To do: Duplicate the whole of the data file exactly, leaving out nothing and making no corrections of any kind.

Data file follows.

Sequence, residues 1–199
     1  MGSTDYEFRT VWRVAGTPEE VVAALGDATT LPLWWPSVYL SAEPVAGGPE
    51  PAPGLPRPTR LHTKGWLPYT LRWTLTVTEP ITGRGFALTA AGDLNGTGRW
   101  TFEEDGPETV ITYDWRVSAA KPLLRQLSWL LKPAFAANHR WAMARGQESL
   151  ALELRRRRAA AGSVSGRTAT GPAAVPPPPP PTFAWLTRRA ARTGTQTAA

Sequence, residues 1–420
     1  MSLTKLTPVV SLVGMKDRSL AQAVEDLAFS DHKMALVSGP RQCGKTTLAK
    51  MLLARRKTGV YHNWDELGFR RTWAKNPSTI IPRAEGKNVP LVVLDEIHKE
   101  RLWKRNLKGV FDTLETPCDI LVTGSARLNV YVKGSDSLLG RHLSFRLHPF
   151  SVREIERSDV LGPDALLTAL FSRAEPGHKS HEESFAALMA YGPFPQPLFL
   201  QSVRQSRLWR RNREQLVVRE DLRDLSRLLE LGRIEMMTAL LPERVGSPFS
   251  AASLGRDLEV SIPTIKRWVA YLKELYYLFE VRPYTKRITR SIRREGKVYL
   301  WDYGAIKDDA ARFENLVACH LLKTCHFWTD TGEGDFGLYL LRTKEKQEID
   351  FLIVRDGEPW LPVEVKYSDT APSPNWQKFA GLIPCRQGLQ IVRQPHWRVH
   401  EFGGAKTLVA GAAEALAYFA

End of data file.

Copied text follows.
Sequence, residues 1–199
     1  MGSTDYEFRT VWRVAGTPEE VVAALGDATT LPLWWPSVYL SAEPVAGGPE
    51  PAPGLPRPTR LHTKGWLPYT LRWTLTVTEP ITGRGFALTA AGDLNGTGRW
   101  TFEEDGPETV ITYDWRVSAA KPLLRQLSWL LKPAFAANHR WAMARGQESL
   151  ALELRRRRAA AGSVSGRTAT GPAAVPPPPP PTFAWLTRRA ARTGTQTAA

Sequence, residues 1–420
     1  MSLTKLTPVV SLVGMKDRSL AQAVEDLAFS DHKMALVSGP RQCGKTTLAK
    51  MLLARRKTGV YHNWDELGFR RTWAKNPSTI IPRAEGKNVP LVVLDEIHKE
   101  RLWKRNLKGV FDTLETPCDI LVTGSARLNV YVKGSDSLLG RHLSFRLHPF
   151  SVREIERSDV LGPDALLTAL FSRAEPGHKS HEESFAALMA YGPFPQPLFL
   201  QSVRQSRLWR RNREQLVVRE DLRDLSRLLE LGRIEMMTAL LPERVGSPFS
   251  AASLGRDLEV SIPTIKRWVA YLKELYYLFE VRPYTKRITR SIRREGKVYL
   301  WDYGAIKDDA ARFENLVACH LLKTCHFWTD TGEGDFGLYL LRTKEKQEID
   351  FLIVRDGEPW LPVEVKYSDT APSPNWQKFA GLIPCRQGLQ IVRQPHWRVH
   401  EFGGAKTLVA GAAEALAYFA